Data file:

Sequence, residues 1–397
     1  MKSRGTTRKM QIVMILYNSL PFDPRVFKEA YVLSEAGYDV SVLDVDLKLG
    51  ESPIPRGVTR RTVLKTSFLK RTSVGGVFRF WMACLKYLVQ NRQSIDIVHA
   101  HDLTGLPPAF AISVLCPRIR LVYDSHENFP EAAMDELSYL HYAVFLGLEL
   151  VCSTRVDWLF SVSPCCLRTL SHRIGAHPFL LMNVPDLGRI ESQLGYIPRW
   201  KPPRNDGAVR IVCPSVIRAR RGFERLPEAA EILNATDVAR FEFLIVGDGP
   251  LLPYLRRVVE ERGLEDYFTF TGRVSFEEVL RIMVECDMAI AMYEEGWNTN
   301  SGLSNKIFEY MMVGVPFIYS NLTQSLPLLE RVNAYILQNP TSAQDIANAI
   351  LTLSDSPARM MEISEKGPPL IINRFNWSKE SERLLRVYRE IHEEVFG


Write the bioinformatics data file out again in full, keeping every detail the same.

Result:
Sequence, residues 1–397
     1  MKSRGTTRKM QIVMILYNSL PFDPRVFKEA YVLSEAGYDV SVLDVDLKLG
    51  ESPIPRGVTR RTVLKTSFLK RTSVGGVFRF WMACLKYLVQ NRQSIDIVHA
   101  HDLTGLPPAF AISVLCPRIR LVYDSHENFP EAAMDELSYL HYAVFLGLEL
   151  VCSTRVDWLF SVSPCCLRTL SHRIGAHPFL LMNVPDLGRI ESQLGYIPRW
   201  KPPRNDGAVR IVCPSVIRAR RGFERLPEAA EILNATDVAR FEFLIVGDGP
   251  LLPYLRRVVE ERGLEDYFTF TGRVSFEEVL RIMVECDMAI AMYEEGWNTN
   301  SGLSNKIFEY MMVGVPFIYS NLTQSLPLLE RVNAYILQNP TSAQDIANAI
   351  LTLSDSPARM MEISEKGPPL IINRFNWSKE SERLLRVYRE IHEEVFG